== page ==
Friday, 3 April 2015
Getting a Job
I've literally been obsessing over this for weeks. So I'm sorry to anyone who has been hearing me go on and on about my job (even when I hadn't started yet). It's been a bit like word vomit. I can't stop updating people even when they don't want to be updated.
Getting a job at 15 is a very controversial topic in my family. Being classic Asians, all my relatives' ethic is that working is bad because it takes time away from studying, which I wasn't spending much of my time doing anyway. They all think I'm going to be so enamoured with easy money that I'll skip university and become a hobo, because yes, I would just love to live off $10 an hour for the rest of my life. They also have this weird obsession with the fact that I'll be meeting weird people and start going off and ruining my life or something. I don't know. Back in Malaysia people don't work until they've done their degrees overseas, and their first job is like becoming an engineer or lawyer or doctor or something. I guess they don't have the opportunity at 15, or maybe school is just harder for them.
The only people on my side are my mum and like every other Australian person, because they all think it's a good experience, which it is. I mean, I'm learning social skills through customer service, and I'm learning how to deal with money, and I'm learning what working is actually like, and I'm getting stuff on my resume. I don't see any of my cousins doing that, even the ones living in Australia. They're all too busy studying 24/7, going for tution or taking random tests to get into ridiculously streamed schools (they will actually kick you out if you get bad grades).
So yeah, my family is totally against me, but that was okay because when I started applying for jobs none of them thought I'd actually get one. They kinda just laughed and were like, "She's too young." or "She's not street smart enough to actually get a job by herself." Which is why it was so cool when my local cinema decided to call me about a group interview 20 minutes after I submitted my resume. I was literally freaking out. I probably sounded like such a retard on the phone because the call was completely unexpected.
Honestly, the group interview felt like a classroom. There were about 25 of us sitting in a cinema, with the manager, or the 'teacher', sitting at a desk at the front. She got us to get to know the person next to us, like you would in a school camp or something. I was sitting next to some guy who said he liked computers and had a band, which was cool. He didn't get the job though. And then she asked us questions, like in an interview, except we had to listen to 25 different answers. I had to leave the group interview early, which made me really nervous, but it was all good and I apparently got to miss a maths test ;)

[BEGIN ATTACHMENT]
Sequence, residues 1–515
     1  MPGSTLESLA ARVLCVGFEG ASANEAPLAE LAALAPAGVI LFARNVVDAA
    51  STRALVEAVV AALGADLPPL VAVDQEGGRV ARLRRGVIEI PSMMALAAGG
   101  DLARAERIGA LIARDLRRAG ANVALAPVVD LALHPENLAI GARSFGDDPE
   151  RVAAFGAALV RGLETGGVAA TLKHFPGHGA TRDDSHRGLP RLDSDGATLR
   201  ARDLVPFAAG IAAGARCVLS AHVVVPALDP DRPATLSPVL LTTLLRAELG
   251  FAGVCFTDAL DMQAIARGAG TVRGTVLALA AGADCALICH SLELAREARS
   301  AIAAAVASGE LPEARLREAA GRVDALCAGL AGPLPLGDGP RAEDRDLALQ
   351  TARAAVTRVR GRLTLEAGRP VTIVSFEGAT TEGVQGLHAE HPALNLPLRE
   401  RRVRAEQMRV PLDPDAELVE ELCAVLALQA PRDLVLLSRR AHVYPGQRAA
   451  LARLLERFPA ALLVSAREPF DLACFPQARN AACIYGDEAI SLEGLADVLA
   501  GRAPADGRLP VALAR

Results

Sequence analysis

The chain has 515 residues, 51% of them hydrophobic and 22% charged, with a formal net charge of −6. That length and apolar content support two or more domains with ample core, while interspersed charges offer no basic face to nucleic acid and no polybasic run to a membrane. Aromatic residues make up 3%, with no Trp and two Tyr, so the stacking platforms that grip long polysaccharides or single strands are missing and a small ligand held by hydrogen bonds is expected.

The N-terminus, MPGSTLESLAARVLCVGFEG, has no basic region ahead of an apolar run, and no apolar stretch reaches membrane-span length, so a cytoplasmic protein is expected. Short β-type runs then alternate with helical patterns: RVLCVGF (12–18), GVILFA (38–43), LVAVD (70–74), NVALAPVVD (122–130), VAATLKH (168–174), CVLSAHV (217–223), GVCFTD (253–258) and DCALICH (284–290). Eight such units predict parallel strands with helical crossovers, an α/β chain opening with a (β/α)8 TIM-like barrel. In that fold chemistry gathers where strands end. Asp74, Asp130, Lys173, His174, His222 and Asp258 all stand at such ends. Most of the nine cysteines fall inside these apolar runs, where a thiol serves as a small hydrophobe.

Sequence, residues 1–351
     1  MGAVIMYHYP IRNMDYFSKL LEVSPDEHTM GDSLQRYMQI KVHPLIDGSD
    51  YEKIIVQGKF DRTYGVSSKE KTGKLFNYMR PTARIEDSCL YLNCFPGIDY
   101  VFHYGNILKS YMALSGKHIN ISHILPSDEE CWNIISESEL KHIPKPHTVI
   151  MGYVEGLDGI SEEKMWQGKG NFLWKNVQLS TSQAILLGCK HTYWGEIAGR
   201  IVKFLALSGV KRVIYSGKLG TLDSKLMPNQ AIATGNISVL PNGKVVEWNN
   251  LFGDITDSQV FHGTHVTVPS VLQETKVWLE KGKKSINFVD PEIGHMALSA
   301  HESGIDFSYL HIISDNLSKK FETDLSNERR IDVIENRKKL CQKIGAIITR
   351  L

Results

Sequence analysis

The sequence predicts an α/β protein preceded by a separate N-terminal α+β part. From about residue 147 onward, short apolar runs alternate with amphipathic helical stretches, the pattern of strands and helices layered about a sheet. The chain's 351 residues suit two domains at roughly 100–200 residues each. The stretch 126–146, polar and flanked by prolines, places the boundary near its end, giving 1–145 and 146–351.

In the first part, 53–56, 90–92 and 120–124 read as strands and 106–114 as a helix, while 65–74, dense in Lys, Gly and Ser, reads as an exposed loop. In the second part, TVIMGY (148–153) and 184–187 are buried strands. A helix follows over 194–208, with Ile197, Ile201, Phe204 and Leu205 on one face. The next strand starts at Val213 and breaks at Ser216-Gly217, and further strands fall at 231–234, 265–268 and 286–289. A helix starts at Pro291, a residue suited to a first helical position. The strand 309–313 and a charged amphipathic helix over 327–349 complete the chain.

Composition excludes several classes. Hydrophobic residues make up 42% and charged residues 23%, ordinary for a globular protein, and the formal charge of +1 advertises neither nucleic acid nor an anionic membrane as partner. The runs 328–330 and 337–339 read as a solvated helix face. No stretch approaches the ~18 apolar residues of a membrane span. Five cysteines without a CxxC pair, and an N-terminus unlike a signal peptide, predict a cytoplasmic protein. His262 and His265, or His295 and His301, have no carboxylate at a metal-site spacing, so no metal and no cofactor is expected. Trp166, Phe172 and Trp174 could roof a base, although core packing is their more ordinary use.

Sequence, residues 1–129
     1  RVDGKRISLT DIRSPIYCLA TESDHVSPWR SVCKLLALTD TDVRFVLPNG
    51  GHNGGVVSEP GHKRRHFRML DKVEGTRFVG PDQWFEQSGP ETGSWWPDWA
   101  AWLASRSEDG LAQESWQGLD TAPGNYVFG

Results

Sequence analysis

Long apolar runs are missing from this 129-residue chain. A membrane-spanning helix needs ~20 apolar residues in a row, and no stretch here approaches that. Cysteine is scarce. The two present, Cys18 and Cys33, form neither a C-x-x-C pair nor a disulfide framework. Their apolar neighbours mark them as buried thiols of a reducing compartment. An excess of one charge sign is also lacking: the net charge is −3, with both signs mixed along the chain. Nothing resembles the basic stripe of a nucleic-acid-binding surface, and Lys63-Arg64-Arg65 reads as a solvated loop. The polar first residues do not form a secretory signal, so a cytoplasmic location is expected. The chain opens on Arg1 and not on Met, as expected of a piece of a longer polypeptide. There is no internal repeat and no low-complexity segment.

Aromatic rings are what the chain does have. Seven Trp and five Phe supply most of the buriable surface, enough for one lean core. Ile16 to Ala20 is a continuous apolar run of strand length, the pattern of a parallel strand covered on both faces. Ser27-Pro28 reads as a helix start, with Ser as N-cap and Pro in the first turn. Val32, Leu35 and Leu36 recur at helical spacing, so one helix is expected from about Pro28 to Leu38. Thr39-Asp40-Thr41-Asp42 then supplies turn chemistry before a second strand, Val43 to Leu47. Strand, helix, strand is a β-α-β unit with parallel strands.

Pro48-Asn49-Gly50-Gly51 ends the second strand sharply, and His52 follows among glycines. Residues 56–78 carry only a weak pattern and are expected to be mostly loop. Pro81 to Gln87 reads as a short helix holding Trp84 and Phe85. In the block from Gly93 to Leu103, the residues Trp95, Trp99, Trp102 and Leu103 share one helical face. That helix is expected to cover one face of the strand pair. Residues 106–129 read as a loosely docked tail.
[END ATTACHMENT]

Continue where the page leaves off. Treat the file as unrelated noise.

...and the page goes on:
And then I got called in for an actual one on one interview, which I was surprisingly not all that worried about, until we were on our way there anyway. I was just really polite, and acted super confident, and I honestly can't remember what happened but I must've been okay. They did ask me this one question, "What was the last movie you watched?" The last movie I had watched was Fifty Shades of Grey as a joke with a few of my friends that day, so it was still in my mind, but fortunately I managed to answer with The Theory of Everything. And luckily I did that, because their follow up question was, "What would you say to someone to get them to watch that?", and I have no idea what I'd say about Fifty Shades of Grey... Laters Baby?
AND THEN I FOUND OUT I GOT THE JOB!!
So I went to the induction, which is basically where I sign papers, get a tour and get paid for being there. There were 5 people there. 5 people from the group interview managed to get the job. The first person I met was actually already my Facebook friend, but I didn't mention that. We both knew it though. They're all my age, which was refreshing, but also gave me a little social anxiety because I'm really starting to think I have social problems. But yeah all the people were nice, and we swapped numbers, and the social anxiety I felt there was nothing compared to my first shift.
My fellow trainees may have been my age, but the people I worked with on my first shift last night weren't. They were all 18-21 and I had no idea what to say, but I managed, and now I'm wondering what they thought of me. But I shouldn't wonder because if I want to be myself and stop acting either pretentious or dorky, I need to not continuously think about it.
Working is actually way harder than I thought it would be. What I have to do is less structured and takes more common sense than I thought. And I was doing the easiest job. They said I was learning fast but I feel like they say that to everybody, and it was a busy night. Let's just say I was physically drained and tired by the end of it, and work sure won't ever be boring.
My next shift is on Sunday, but this time I'll be with another trainee from the induction.
Wish me luck!